My America’s Cup Experience: Two days in San Francisco

Published on August 7th, 2013

By Craig Leweck, Scuttlebutt
Riding the BART train from San Francisco International airport, I exited two blocks from the Bay on Market Street. At lunch time there is the ebb and flow of the downtown workforce. People seem to seek out the water to recover from cubicle cramp.

Arriving at the end of Market Street, the options are to shop and snack at the Ferry Building Marketplace, turn left to the America’s Cup Park (Piers 27/28) or go right to the Kiwi and Italian bases (Piers 30/32). I went right.

The plan for all teams to be based at Piers 30/32 didn’t work out. Neither did the public access. Big fences. Security guards. The Kiwi and Italian teams have elaborate set-ups for boat needs and sponsor fulfillment. This will also be where the Red Bull Youth America’s Cup teams will be based. Perhaps that section of the pier will have access.

Red’s Java House is adjacent to Piers 30/32. Great burger. The America’s Cup hasn’t delivered to them the commercial windfall. The Pier is normally a car parking lot, and their customers are the car drivers. No cars, no people, no windfall.

The span from the bases to the AC Park is too long to walk. I didn’t pause to learn to use the public transportation. I looked for a pedi-cab but a car cab found me first.

The America’s Cup Park is impressive. Lots of stimulation. Raise your credit card limit. Lots of things to buy. Lots of places to hang out. Located along the wharf; a welcome rest stop to the weary tourist. Can’t help but draw people in.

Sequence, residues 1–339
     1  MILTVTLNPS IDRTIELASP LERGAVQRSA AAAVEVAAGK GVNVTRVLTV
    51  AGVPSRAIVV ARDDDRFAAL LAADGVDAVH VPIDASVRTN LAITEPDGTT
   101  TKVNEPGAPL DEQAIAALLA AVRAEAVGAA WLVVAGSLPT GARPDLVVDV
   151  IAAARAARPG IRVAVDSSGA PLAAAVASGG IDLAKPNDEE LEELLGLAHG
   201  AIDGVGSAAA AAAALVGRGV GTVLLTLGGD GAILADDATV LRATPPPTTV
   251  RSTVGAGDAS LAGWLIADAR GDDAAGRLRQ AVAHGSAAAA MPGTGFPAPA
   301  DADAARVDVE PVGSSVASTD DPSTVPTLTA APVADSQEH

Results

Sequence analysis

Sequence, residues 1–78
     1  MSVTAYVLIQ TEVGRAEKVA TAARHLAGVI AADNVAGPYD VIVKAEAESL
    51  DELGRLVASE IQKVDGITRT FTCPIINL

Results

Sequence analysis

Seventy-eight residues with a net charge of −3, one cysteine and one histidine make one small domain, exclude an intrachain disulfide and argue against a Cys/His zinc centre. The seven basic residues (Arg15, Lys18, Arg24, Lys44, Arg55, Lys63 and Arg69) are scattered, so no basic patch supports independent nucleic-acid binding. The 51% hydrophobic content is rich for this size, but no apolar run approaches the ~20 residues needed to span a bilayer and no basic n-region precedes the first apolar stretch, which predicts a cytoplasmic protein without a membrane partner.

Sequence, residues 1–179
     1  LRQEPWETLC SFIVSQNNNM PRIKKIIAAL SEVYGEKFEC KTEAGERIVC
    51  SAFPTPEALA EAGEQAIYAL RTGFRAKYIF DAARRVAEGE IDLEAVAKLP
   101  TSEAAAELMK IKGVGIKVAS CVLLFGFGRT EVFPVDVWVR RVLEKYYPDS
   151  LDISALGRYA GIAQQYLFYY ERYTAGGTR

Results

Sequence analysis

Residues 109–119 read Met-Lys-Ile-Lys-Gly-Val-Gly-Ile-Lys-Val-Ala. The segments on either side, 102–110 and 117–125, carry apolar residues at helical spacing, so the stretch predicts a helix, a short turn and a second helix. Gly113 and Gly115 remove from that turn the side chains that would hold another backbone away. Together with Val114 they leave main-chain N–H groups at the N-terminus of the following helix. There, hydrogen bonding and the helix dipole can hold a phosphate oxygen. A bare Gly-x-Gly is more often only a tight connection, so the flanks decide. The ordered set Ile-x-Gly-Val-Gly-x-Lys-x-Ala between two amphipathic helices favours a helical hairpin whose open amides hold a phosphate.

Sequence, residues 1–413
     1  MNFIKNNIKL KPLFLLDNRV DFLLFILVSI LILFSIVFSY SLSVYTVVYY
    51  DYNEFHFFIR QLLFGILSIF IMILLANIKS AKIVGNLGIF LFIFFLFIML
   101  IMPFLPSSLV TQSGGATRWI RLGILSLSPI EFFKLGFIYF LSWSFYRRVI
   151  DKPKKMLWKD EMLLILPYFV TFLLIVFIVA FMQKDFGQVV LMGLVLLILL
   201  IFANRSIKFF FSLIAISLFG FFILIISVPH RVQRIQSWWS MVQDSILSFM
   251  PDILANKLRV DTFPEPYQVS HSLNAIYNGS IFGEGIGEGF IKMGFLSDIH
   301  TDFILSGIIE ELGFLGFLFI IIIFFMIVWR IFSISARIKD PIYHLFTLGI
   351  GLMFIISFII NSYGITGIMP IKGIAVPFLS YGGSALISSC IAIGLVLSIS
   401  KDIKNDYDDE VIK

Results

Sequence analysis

The annual America’s Cup Hall of Fame induction ceremony on Monday, abandoning its eastern roots to corral the San Francisco crowd. Not cheap, but open to the public. Rub elbows with tuxedoed rock stars. Rare opportunity to appreciate the community within the America’s Cup. Same vibe as any competitive class. What brings us together is our common bond.

A cab ride on Tuesday to the Oracle base is an adventure toward a less glamorous span of Bay waterfront. Not a cheap fare but at least the cabbie knew how to get there. Eighteen months ago, I had to provide directions. Progress, right.

Marketing is in motion. Every cab ride provided me with advertisement. Billboards too. Even the SF Chronicle newspaper was wrapped in event information.

Watched challenger race from a boat. Must have audio from VHF or AC app. Tried accessing live online video feed but connection was limited. Race looked closer than it was; AC72 speed and race course length limits ability to watch closely.

The start time for the challenger races moved from 12:15 to 1:15. Now races are at the end of lunch hour rather than the beginning. Perhaps the lunch crowd will be replaced by the ticket buying crowd. Some of the shore viewing now requires a ticket.

Didn’t visit with Artemis Racing. Only team not based in San Francisco. Perhaps symbolic. Geographically removed. Competitively removed too.

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